TEAM TUESDAY – They started laughing at my team of seventh grade boys. My blood boiled, of course. It was because I run the league and if I was watching this happen, I would go right over to the coach and tell him to get them to stop. Now. Or else I will. But when you’re coach, you’re not the commissioner. And when you coach, you can’t play.
All I could do was direct, muster, point to a goal, and hope that the boys understood why it was so important to dig deep and win the second half.
When our opponents continued to laugh at us throughout the second half and towards the end of the game, I kept yelling, “They are laughing at us. I know what I would do.”
Now to most this would sound threatening. It would sound like I’d go out there and tackle my opponents until I fouled out. Granted, I would not be shy about getting that ball by any means necessary – even if they laughed at me more – but I wanted to win each moment. Winning the game was lost, but winning each possession by just giving more than our stronger opponents were giving. They had hit the snooze button. And what button did our kids hit?
They don’t have a button. That’s the problem.
The boys are kind and respectful and all to often they associate hard-core toughness and pride with being less of a person.
The kids on the sideline started keeping track of how many we were down – it was about 5-10 going into the last five minutes. The coach of the other team didn’t seem to do what other coaches in our league do when kids are laughing. They didn’t do what Milbank does.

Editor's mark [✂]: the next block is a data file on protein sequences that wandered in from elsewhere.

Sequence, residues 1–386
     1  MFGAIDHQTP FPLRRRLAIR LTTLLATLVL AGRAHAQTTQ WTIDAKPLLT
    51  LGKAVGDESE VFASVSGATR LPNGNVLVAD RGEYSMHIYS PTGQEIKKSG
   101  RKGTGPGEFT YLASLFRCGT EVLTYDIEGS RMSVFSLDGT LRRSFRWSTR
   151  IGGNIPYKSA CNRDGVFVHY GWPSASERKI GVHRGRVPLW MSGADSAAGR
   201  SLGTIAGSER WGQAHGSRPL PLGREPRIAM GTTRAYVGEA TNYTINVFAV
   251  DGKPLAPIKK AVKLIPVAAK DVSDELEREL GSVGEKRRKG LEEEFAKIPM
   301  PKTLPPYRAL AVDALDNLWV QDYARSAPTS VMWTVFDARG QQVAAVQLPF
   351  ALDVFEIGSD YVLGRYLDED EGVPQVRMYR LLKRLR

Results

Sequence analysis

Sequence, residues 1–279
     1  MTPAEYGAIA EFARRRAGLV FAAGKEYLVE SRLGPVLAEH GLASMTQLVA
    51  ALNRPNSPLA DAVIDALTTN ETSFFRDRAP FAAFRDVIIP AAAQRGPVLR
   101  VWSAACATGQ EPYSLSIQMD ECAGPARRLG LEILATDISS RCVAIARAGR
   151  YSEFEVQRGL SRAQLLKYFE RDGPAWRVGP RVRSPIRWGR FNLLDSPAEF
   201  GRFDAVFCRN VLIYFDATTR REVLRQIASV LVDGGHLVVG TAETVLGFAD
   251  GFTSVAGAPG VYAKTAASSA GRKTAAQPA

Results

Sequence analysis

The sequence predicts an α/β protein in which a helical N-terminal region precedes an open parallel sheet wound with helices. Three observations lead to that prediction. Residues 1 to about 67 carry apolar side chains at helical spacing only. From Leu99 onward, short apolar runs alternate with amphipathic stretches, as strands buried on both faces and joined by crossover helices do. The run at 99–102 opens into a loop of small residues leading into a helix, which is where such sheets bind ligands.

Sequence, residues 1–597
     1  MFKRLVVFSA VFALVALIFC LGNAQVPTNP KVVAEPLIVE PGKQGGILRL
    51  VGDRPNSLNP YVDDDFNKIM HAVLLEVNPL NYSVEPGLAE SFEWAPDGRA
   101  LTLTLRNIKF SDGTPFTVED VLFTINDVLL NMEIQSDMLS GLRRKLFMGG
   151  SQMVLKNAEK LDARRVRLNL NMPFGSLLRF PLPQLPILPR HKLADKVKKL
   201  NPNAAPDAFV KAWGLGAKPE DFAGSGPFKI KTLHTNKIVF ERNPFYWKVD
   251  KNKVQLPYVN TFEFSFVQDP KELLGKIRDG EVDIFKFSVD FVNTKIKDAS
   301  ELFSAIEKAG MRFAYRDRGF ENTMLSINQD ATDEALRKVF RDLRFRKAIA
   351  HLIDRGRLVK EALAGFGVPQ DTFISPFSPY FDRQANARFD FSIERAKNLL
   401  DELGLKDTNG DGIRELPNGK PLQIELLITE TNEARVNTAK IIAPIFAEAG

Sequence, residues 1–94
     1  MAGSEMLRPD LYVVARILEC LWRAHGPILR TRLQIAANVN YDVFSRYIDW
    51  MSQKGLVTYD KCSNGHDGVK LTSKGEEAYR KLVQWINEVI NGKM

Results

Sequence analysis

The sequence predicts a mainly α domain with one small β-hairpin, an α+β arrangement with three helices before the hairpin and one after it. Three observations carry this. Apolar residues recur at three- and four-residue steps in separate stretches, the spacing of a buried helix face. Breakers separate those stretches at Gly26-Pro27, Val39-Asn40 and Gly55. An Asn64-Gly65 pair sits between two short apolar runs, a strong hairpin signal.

About a month ago, Milbank was beating us so badly that I thought it would be a 70 point margin. It could have been a 70-point margin if they hadn’t fallen back. I went over to coach and said, “I don’t care if you press full court or half-court. I want your kids to play all out to be an example to my kids, but I don’t want them laughing at my kids. I don’t want anyone laughing at any kids in the league.”
The Milbank coach played every kid on the team and there were 12 of them. Any time a kid laughed from the bench, he was told to stop immediately. The laughter thing is normal behavior for boys this age who love to see their buddies excelling or messing up or a weaker kid trying to make the most of the weak opponent. I get it. Yet what the coach did was the best – he simply stayed on them about self-discipline and class. We lost that game by 55 points. It easily could have been 70. I was not mad at our kids.
As for this past Sunday, I ended up being laughed at the most and maybe I deserved it. As our opponents turned it on and off and smiled quite a bit in the last 5-10 minutes of the game, I reminded our boys of what they were doing to us.
“They are laughing at us.”
“Win the half.”
“They are still laughing at us.”
“Win the half.”
With about ten seconds left in the game, a boy on the other team was handling the 10 second count-down smiling and goofing off with the ball, knowing we needed it to win the half. We were down two points according to our count. My boys didn’t do much to go after him, even with me screaming to get the ball. The kid laughed and carried the ball. The ref blew the whistle with about two seconds left. Then he called the game.